Criteria For Safe Discharge Home
No patient who suffered true cardiac arrest should be discharged from the ED. On occasion a patient with respiratory arrest who were unresponsive and not breathing are believed to be in cardiac arrest at the scene. If reversal with naloxone or ventilatory support was all that was required to stabilize the patient and they are awake and neurologically normal, they were not truly in cardiac arrest. If investigations rule out other non-overdose causes then discharge with appropriate support to prevent further overdose can be considered.
Quality Of Evidence?
We are highly confident that the true effect lies close to that of the estimate of the effect. There is a wide range of studies included in the analyses with no major limitations, there is little variation between studies, and the summary estimate has a narrow confidence interval.
We consider that the true effect is likely to be close to the estimate of the effect, but there is a possibility that it is substantially different. There are only a few studies and some have limitations but not major flaws, there are some variations between studies, or the confidence interval of the summary estimate is wide.
When the true effect may be substantially different from the estimate of the effect. The studies have major flaws, there is important variations between studies, of the confidence interval of the summary estimate is very wide.
It is hard to define the quality of evidence when there are no quality positive results. We reviewed over 3000 papers related to early prognostication and none provided high level evidence that any clinical or early lab predictors would allow us to confidently withdraw maximum care without risking losing potential survivors.
Christopher B. Fordyce, MD, MHS, MSc, Andreas H. Kramer, MD, MSc, Craig Ainsworth, MD, Jim Christenson, MD, Gary Hunter, MD, Julie Kromm, MD, Carmen Lopez Soto, MD, MSc, Damon C. Scales, MD, PhD, Mypinder Sekhon, MD, PhD, Sean van Diepen, MD, MSc, Laura Dragoi, MD, MSc, Colin Josephson, MD, Jim Kutsogiannis, MD, PhD, Michel R. Le May, MD, Christopher B. Overgaard, MD, Martin Savard, MD, Gregory Schnell, MD, Graham C. Wong, MD, MPH, Emilie Belley-Côte, MD, PhD. Neuroprognostication in the Post Cardiac Arrest Patient: A Canadian Cardiovascular Society Position Statement.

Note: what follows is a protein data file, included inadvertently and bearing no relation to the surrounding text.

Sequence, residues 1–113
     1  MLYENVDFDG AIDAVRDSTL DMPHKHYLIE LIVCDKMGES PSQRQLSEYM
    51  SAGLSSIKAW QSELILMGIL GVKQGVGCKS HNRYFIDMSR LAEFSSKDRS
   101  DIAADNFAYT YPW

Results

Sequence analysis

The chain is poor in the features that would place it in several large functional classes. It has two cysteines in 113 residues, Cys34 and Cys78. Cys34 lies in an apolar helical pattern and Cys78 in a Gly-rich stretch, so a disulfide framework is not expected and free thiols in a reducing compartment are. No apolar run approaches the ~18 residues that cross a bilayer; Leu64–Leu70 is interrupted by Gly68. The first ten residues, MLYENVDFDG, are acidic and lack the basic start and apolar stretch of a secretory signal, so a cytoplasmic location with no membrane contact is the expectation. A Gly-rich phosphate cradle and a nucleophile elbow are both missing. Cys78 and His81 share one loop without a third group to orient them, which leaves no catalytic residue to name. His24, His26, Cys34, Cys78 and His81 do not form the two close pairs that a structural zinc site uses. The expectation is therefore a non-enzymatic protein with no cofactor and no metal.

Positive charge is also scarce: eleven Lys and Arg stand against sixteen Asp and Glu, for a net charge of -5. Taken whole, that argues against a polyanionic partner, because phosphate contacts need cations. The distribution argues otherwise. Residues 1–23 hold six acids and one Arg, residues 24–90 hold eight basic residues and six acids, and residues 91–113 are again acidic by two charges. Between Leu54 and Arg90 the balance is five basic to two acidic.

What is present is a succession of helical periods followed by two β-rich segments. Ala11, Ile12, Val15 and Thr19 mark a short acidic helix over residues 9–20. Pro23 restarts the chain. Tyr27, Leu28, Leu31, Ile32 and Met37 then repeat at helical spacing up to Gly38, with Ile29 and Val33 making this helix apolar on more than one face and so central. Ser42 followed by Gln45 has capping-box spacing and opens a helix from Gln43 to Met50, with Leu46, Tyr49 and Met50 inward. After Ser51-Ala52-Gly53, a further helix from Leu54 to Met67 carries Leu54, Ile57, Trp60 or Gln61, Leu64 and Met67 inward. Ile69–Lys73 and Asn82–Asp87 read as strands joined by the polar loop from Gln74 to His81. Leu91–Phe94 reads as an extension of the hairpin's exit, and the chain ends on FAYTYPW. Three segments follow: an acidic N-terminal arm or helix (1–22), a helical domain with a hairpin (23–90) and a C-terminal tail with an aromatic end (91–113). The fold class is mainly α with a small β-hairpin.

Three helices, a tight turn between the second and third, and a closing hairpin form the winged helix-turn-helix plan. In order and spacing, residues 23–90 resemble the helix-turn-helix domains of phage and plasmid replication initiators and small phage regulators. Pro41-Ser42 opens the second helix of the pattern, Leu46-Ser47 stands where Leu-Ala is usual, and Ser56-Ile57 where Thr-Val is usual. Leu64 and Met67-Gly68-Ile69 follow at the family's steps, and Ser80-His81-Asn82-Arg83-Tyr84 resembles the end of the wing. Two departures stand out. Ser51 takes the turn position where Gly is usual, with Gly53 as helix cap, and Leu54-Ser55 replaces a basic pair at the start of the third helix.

The purpose of this document is to provide health care professionals with key facts and recommendations for the diagnosis and treatment of patients in the emergency department. This summary was produced by the BC Emergency Medicine Network and uses the best available knowledge at the time of publication. However, healthcare professionals should continue to use their own judgment and take into consideration context, resources and other relevant factors. The BC Emergency Medicine Network is not liable for any damages, claims, liabilities, costs or obligations arising from the use of this document including loss or damages arising from any claims made by a third party. The BC Emergency Medicine Network also assumes no responsibility or liability for changes made to this document without its consent.
Last Updated Apr 24, 2023